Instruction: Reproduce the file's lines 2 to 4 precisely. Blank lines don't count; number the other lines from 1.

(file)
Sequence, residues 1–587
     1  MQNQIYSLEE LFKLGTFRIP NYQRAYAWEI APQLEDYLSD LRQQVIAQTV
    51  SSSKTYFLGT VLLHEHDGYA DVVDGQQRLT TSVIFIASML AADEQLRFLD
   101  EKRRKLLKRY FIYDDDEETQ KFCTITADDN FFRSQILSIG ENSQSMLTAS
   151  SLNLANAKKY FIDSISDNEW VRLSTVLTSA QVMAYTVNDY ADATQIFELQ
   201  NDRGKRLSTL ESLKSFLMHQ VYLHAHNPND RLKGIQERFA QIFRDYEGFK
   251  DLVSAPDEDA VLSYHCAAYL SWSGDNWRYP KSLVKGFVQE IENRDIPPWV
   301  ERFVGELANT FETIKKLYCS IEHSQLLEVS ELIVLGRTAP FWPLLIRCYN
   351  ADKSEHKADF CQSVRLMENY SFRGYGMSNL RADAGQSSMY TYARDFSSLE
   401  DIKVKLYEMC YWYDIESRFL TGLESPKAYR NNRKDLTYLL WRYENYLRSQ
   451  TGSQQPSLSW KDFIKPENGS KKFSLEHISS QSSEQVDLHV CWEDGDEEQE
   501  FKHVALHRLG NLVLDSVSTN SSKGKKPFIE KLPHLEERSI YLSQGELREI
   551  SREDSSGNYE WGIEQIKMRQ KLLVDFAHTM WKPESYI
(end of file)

     1  MQNQIYSLEE LFKLGTFRIP NYQRAYAWEI APQLEDYLSD LRQQVIAQTV
    51  SSSKTYFLGT VLLHEHDGYA DVVDGQQRLT TSVIFIASML AADEQLRFLD
   101  EKRRKLLKRY FIYDDDEETQ KFCTITADDN FFRSQILSIG ENSQSMLTAS